Documenting the Coming Singularity

Friday, February 16, 2018

Friday Physics & Philosophy: The Physics of Free Will

Is free will only an illusion? And if so, what does that really mean?

It's time for some Friday deep thoughts, the melding of physics with giant philosophical questions...

By Stephen Skolnick on Physics Central

At the intersection of physics and philosophy, there's a question that's weighed on the minds of great thinkers for centuries: Is there truly such a thing as free will? When we make a choice, are we fundamentally any different than a calculator "choosing" which segments of its display to light up when the = button is pressed?

The question has its roots in the acceptance that humans are, for all our astounding complexity, purely physical systems. Once you drop the notion that we've got an intrinsic, metaphysical soul that sits behind the eyes and pulls the levers, the question of why we make the choices we make becomes urgent…if only philosophically.

Barring the existence of a “ghost in the machine”, the factors that comprise the self and influence our decision-making processes can largely be broken down into two categories: nature and nurture (or genetics and environment, if you prefer). The first one is something that we obviously have no control over—nobody chooses their parents—and while we manipulate our environment, we can only do so to the extent that we are already manipulated by it.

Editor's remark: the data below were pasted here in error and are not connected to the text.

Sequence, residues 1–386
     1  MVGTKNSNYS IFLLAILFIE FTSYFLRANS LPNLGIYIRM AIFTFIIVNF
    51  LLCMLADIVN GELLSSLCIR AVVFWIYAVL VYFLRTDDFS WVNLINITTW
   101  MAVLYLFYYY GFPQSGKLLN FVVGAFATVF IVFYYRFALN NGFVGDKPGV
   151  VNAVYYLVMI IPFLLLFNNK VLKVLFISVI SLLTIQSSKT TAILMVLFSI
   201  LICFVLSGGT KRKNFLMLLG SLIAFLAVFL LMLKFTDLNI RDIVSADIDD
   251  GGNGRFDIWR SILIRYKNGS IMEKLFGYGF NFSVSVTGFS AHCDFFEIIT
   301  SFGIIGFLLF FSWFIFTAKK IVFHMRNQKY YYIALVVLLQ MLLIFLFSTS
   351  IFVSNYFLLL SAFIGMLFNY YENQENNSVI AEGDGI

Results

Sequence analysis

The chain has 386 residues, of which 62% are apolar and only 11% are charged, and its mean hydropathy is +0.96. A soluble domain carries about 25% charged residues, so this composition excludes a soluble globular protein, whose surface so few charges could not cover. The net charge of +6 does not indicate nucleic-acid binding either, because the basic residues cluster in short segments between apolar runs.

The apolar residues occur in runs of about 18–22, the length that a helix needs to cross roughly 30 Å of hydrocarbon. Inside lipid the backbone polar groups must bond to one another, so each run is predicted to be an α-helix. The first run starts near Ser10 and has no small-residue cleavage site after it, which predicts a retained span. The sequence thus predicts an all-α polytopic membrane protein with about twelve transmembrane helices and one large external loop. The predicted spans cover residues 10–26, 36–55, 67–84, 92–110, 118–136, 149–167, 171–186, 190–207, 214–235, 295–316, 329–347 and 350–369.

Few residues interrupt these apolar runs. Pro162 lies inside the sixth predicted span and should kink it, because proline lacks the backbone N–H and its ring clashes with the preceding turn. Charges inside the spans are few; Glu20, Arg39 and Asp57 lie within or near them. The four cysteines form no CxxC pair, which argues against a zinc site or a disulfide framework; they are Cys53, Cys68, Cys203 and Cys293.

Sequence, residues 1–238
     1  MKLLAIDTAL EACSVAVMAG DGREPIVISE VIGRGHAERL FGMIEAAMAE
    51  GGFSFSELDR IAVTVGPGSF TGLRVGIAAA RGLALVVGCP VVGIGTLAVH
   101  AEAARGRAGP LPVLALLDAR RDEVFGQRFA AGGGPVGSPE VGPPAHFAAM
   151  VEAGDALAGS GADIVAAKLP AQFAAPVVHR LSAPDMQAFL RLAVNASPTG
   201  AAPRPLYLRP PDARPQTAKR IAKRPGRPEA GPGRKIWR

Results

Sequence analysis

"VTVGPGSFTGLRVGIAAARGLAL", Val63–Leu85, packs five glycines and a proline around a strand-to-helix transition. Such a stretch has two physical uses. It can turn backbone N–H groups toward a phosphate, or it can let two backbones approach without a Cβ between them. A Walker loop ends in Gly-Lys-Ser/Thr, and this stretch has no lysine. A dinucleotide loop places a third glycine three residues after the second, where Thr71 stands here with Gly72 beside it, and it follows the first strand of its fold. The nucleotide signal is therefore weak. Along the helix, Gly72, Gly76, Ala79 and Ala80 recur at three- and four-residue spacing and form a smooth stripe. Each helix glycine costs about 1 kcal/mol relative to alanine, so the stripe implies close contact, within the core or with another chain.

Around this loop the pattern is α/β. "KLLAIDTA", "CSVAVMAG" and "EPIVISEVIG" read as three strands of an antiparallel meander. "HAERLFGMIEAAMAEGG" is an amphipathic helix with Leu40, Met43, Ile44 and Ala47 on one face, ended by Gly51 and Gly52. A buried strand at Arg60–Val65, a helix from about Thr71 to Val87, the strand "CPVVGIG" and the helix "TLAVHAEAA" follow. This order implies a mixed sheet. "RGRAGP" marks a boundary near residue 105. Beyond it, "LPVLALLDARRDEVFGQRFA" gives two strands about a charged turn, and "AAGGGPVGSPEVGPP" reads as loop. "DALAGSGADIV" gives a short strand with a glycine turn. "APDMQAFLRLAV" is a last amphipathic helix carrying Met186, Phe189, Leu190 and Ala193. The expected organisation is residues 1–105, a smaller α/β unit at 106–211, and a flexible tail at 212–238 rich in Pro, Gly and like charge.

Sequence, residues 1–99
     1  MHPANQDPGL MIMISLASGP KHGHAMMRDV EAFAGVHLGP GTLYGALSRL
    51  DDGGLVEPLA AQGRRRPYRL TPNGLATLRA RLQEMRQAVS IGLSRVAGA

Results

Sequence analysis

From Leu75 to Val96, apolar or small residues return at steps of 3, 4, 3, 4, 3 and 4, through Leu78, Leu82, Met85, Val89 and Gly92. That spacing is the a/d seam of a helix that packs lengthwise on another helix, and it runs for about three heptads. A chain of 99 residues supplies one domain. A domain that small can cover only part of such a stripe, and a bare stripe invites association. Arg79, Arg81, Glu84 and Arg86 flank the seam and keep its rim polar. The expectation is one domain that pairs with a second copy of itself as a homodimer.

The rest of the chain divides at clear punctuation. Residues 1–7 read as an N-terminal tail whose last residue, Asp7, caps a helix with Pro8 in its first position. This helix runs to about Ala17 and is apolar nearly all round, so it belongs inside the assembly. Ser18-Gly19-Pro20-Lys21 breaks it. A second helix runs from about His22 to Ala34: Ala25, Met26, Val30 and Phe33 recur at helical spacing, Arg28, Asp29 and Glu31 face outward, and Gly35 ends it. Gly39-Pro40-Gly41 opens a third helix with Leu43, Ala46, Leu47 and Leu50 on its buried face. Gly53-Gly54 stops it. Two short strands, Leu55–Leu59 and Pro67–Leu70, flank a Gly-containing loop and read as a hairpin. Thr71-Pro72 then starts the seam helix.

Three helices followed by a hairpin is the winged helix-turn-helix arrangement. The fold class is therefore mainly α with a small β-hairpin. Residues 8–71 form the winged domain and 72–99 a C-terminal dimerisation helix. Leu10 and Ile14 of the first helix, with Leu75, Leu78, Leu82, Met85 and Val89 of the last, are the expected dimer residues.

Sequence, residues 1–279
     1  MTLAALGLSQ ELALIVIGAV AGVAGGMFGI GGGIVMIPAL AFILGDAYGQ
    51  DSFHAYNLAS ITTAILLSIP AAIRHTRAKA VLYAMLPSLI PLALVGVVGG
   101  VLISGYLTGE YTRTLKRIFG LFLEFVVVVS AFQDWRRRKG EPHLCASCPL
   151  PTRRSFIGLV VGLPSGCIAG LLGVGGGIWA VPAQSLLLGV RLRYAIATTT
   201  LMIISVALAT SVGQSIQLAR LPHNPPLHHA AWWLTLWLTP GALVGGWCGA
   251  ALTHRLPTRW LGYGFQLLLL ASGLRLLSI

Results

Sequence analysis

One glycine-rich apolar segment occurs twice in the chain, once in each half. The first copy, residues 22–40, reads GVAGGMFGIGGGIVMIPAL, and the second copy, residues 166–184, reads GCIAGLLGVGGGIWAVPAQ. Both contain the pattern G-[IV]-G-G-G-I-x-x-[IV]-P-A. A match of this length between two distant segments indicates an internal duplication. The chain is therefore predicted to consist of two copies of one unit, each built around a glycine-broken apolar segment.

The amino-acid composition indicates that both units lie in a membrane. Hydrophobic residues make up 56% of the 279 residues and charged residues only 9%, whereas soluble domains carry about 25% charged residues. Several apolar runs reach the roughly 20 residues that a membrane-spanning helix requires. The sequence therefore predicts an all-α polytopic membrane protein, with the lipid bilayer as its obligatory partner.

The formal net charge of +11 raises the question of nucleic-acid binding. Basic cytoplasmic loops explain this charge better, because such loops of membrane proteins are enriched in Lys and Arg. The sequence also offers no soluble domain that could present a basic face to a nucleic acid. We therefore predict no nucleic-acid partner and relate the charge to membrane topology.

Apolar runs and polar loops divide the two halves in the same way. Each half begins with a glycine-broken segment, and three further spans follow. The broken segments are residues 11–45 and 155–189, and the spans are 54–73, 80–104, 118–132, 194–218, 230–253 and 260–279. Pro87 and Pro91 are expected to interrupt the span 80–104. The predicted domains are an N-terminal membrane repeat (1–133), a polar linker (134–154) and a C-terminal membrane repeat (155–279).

The simplified example I like to give involves a fetus in the womb, just reaching the point where its nerves and muscles are developed enough to give a kick. Here, it has a choice—kick, or don’t. Which one it chooses clearly depends on things entirely beyond its control—the genes that encode its calcium channels, the ion concentrations in its neurons. But it makes that first choice, and—let’s say it chooses to kick—the world responds. Its mother puts her hand on her belly, and perhaps the fetus feels the extra warmth, or hears her cry out in surprise. Now, the child has the beginnings of a personality—it has learned something about what happens when you kick, and its next choice will be determined not just by its genes, but also by what it knows. Here, at the very beginnings of its life, it’s easy to see that—even though the child is making choices, they still depend on factors that it had no control over.

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